October 11, 2019 marks the 31st National Coming Out Day, guys. Are you out to your family, friends, and colleagues? If you are, how did they take it? What is your coming out story?
For Adam4Adam users who already did their coming out and had lost their family members and friends in the process, always remember that we are here for you, you’ll never be alone. The entire A4A community is behind you and with our 11M users you can find friends on here pretty easily. You are only one click away; all you need to do is download our app here.
As for the other Adam4Adam members who are thinking of coming out, you may want to read first the resource guides that the Human Rights Campaign (HRC) has put together here.
Today is #NationalComingOutDay and we shall be posting a few messages from our committee members. Here’s Sen’s story:— Amnesty UK Rainbow Network (@AmnestyUK_LGBTI) October 11, 2019
“I ‘come out’ constantly — to family, friends, colleagues, and strangers. I now just flaunt the word ‘gay’ on my social media profiles and prance around with … pic.twitter.com/mTIq9DI7vy
Happy #NationalComingOutDay — a day to celebrate who we are but also to remember those who can’t come out because it’ll mean ridicule, danger or worse and to remind ourselves and each other to keep working however we can to liberate all of our familyhttps://t.co/nDHGsGdxEc— noah michelson (@noahmichelson) October 11, 2019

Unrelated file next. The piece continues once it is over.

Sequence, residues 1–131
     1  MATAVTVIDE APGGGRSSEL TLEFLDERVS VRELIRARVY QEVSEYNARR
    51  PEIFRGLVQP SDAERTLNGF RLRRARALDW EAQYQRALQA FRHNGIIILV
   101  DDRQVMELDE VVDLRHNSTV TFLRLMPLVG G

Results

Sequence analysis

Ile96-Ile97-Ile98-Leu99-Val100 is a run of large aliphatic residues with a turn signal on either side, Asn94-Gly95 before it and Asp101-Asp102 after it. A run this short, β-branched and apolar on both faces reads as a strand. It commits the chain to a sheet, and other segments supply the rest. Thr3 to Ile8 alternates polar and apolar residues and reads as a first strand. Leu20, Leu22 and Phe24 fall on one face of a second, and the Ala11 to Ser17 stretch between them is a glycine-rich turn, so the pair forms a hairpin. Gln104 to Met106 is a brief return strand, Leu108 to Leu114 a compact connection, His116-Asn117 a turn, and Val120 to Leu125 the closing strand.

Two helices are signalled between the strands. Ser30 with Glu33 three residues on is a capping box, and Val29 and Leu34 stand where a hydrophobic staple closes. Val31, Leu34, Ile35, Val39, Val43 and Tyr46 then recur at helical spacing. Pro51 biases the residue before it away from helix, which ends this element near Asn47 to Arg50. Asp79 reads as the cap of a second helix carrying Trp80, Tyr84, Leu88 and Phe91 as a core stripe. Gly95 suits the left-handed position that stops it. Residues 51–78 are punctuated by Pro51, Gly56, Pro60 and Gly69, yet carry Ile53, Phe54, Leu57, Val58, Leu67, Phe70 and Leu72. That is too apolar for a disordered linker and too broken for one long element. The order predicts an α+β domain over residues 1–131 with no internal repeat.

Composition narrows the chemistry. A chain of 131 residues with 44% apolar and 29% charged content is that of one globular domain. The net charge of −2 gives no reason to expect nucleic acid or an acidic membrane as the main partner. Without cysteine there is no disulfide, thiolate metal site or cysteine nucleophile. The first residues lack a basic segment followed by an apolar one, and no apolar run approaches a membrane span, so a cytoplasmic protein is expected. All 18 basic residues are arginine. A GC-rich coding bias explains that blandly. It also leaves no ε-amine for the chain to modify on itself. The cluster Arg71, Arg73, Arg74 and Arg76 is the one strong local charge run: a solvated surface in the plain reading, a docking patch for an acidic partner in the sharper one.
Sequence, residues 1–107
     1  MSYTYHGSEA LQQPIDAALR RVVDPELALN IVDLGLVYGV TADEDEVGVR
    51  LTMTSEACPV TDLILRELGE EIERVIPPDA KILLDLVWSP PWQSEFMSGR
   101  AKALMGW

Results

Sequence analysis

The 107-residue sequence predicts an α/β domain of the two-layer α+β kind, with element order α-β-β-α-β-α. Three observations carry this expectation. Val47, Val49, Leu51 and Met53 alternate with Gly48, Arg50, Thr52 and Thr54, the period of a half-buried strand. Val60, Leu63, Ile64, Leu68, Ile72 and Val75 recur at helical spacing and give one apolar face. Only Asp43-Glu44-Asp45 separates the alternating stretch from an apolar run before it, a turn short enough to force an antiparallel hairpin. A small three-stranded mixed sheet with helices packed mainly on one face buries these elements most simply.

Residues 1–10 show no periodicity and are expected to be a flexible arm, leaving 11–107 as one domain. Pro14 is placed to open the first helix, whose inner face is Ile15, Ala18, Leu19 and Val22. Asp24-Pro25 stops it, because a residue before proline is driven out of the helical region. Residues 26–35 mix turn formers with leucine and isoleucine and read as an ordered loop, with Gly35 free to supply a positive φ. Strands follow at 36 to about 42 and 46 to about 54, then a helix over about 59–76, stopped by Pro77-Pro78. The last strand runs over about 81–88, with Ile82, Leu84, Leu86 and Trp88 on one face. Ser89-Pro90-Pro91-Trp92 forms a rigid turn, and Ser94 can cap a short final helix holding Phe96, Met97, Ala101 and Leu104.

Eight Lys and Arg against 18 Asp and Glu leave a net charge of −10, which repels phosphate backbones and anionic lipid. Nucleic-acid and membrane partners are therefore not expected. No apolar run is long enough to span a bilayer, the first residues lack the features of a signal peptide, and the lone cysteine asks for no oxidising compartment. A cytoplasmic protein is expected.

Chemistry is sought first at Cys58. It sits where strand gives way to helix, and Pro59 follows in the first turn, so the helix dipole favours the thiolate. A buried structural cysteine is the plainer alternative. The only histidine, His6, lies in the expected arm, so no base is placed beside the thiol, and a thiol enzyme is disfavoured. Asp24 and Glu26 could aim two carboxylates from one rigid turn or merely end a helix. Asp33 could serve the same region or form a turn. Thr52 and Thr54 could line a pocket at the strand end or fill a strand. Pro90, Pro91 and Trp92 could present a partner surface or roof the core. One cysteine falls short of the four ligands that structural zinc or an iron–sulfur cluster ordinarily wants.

This is the original poster #KeithHaring designed for the first annual #NationalComingOutDay, which took place #onthisday in 1988.— Tate (@Tate) October 11, 2019
On display @tateliverpool.
Have a happy day ❤️🧡💛💚💙💜https://t.co/H6FvqWIxx7
© Keith Haring Foundation/Collection Noirmontartproduction, Paris. pic.twitter.com/T7qQ2kM7oV
Anyway, why do we observe NCOD every year? It’s to “celebrate coming out and to raise awareness of the LGBT community and civil rights movement” of course. It’s sad to say however, that there are still many countries in the world that continue to criminalize LGBT people making it impossible for them to come out. To be precise, there are 72 countries all in all, check this to view the map. But also, there are countries like Canada that provide protection and help to resettle vulnerable groups like the LGBT community and if you live in one of these 72 countries and are interested with the process, click here to learn more on how to move to Canada.
Lastly, if you are looking for ways to celebrate National Coming Out Day, you can support Rainbow Railroad‘s campaign called “Help Each Other Out.” Rainbow Railroad is a Toronto-based charitable organization that helps LGBT people escape violence and persecution in their home countries. We donated to them before and we sponsored a gay refugee from Chechnya.
Or you can opt to pledge your support for Aimee Stephens who was fired at her job when she came out as a transgender woman to her employer. We wrote about her story here and you may pledge your support on ACLU as they take on the appeal of her case at the Supreme Court.
Happy National Coming Out Day, guys!